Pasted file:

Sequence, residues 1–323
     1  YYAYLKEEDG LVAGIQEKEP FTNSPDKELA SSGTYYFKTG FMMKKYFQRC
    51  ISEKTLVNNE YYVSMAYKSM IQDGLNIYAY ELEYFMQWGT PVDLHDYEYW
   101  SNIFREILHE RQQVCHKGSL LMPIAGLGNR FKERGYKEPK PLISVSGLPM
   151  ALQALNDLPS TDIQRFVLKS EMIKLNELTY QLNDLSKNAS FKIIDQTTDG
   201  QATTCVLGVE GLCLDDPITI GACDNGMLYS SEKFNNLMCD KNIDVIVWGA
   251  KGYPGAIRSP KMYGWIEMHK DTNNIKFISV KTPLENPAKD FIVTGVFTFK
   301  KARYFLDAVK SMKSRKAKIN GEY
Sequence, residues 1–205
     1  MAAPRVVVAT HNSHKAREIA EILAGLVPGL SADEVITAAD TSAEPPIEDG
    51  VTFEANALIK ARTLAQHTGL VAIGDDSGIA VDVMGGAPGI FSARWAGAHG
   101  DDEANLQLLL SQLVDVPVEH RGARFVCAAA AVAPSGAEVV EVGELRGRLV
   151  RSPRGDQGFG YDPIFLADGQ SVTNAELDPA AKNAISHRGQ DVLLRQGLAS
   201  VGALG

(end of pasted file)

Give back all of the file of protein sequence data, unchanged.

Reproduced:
Sequence, residues 1–323
     1  YYAYLKEEDG LVAGIQEKEP FTNSPDKELA SSGTYYFKTG FMMKKYFQRC
    51  ISEKTLVNNE YYVSMAYKSM IQDGLNIYAY ELEYFMQWGT PVDLHDYEYW
   101  SNIFREILHE RQQVCHKGSL LMPIAGLGNR FKERGYKEPK PLISVSGLPM
   151  ALQALNDLPS TDIQRFVLKS EMIKLNELTY QLNDLSKNAS FKIIDQTTDG
   201  QATTCVLGVE GLCLDDPITI GACDNGMLYS SEKFNNLMCD KNIDVIVWGA
   251  KGYPGAIRSP KMYGWIEMHK DTNNIKFISV KTPLENPAKD FIVTGVFTFK
   301  KARYFLDAVK SMKSRKAKIN GEY
Sequence, residues 1–205
     1  MAAPRVVVAT HNSHKAREIA EILAGLVPGL SADEVITAAD TSAEPPIEDG
    51  VTFEANALIK ARTLAQHTGL VAIGDDSGIA VDVMGGAPGI FSARWAGAHG
   101  DDEANLQLLL SQLVDVPVEH RGARFVCAAA AVAPSGAEVV EVGELRGRLV
   151  RSPRGDQGFG YDPIFLADGQ SVTNAELDPA AKNAISHRGQ DVLLRQGLAS
   201  VGALG